The 272 study participants ranged from four to 19 years old. They included 82 with schizophrenia spectrum, 130 with mood spectrum, and 60 with disruptive or aggressive behavior spectrum disorder. All received treatment with a second-generation antipsychotic.
Instead of randomly assigning treatments, Correll and colleagues let patients’ clinicians decide which drug to prescribe. They chose this approach to maximize generalizability to the real world. Consequently, their sample included patients who were taking other medications, although patients taking more than one antipsychotic drug were excluded.
Too few subjects received ziprasidone to study. The analyses, then, looked at 41 subjects on aripiprazole, 45 on olanzapine, 36 on quetiapine, and 135 on risperidone. An additional 15 subjects either refused treatment or stopped taking their medication within four weeks, but still completed follow-up assessments. They served as the comparison group.
The researchers compared body weight and metabolic outcomes in the different treatment groups using an intent-to-treat approach. The comparison group gained little to no weight during the study. In contrast, after a median of 11 weeks of treatment, subjects taking olanzapine gained, on average, 8.5 kilograms (95 percent confidence interval = 7.4-9.7 kg; for pounds, multiply by 2.2). Weight gain for the other second-generation drugs ranged from 6.1 kilograms (95 percent CI = 4.9-7.2) with quetiapine to 5.3 (95 percent CI = 4.8-5.9) with risperidone and 4.4 (95 percent CI = 3.7-5.2) with aripiprazole. In fact, over half of those on antipsychotic drugs gained more than 7 percent of their body weight.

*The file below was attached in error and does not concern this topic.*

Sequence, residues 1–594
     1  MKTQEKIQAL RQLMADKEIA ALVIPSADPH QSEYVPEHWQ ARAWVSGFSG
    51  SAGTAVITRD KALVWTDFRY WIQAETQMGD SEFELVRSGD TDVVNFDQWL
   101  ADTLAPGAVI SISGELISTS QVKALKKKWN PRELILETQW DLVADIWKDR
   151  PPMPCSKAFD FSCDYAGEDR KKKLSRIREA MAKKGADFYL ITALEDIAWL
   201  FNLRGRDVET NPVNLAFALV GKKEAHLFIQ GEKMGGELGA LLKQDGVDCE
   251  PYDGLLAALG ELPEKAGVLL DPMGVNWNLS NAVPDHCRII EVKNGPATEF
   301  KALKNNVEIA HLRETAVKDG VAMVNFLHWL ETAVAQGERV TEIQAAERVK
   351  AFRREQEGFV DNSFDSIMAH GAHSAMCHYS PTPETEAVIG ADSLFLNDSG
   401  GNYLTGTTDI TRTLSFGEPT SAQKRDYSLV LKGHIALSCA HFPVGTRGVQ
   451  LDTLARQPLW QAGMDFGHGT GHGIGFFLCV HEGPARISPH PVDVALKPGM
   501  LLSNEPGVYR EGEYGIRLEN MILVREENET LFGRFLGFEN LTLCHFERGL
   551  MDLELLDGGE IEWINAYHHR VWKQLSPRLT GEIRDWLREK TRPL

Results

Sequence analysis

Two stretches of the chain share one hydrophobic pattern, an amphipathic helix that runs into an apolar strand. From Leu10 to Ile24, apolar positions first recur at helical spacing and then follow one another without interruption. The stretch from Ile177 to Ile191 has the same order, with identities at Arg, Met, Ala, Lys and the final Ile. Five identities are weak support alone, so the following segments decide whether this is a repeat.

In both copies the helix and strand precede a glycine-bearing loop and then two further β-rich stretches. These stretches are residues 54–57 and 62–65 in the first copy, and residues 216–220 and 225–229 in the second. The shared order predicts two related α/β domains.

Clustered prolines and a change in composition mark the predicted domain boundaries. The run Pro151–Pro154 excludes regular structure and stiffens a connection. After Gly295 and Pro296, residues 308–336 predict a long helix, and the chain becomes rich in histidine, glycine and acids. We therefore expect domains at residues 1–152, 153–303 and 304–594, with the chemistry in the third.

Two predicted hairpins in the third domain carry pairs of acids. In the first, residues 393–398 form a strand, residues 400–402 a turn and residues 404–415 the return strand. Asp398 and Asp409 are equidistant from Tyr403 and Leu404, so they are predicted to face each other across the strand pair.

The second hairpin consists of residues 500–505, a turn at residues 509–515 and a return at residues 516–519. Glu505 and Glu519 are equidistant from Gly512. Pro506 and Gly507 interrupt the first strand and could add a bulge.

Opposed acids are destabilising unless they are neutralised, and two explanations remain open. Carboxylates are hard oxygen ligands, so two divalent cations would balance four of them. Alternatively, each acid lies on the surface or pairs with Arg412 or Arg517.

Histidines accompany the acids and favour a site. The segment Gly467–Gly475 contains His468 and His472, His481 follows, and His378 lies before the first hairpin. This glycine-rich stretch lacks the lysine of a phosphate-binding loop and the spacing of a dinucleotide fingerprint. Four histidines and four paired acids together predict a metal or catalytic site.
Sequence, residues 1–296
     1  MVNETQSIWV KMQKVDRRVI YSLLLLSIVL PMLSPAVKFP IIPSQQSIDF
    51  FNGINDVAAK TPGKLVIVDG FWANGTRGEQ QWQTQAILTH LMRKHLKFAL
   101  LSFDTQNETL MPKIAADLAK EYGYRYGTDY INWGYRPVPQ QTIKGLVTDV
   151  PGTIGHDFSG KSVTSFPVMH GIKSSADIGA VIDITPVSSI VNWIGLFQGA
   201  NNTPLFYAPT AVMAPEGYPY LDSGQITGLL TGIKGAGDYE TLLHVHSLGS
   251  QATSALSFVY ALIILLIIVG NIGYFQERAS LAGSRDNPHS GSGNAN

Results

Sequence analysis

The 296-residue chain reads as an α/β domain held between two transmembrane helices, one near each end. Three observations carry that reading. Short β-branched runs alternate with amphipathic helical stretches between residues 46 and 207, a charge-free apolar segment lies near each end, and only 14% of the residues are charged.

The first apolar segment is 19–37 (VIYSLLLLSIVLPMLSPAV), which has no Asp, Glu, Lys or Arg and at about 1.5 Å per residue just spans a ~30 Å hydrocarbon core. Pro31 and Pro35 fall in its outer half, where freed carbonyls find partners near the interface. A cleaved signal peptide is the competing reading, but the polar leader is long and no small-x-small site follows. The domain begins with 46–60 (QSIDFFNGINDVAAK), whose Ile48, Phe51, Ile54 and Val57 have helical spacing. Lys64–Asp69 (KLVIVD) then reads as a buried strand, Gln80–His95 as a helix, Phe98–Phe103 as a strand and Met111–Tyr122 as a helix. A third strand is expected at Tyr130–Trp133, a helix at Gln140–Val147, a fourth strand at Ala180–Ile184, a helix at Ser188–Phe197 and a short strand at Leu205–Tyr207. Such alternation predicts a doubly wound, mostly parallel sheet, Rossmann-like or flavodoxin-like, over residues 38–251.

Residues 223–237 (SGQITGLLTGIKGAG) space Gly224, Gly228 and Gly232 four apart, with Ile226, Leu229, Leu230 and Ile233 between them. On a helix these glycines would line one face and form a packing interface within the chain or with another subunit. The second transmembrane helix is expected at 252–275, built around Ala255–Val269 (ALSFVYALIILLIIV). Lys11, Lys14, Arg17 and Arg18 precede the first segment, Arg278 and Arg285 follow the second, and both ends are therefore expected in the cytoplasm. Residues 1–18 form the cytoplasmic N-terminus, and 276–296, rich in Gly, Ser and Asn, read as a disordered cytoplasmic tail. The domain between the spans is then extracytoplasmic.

Not surprisingly, as the pounds piled up, subjects’ waists grew, and they amassed more body fat. Correll and colleagues write, “Altogether, 10 percent to 36 percent of patients transitioned to overweight or obese status within 11 weeks.”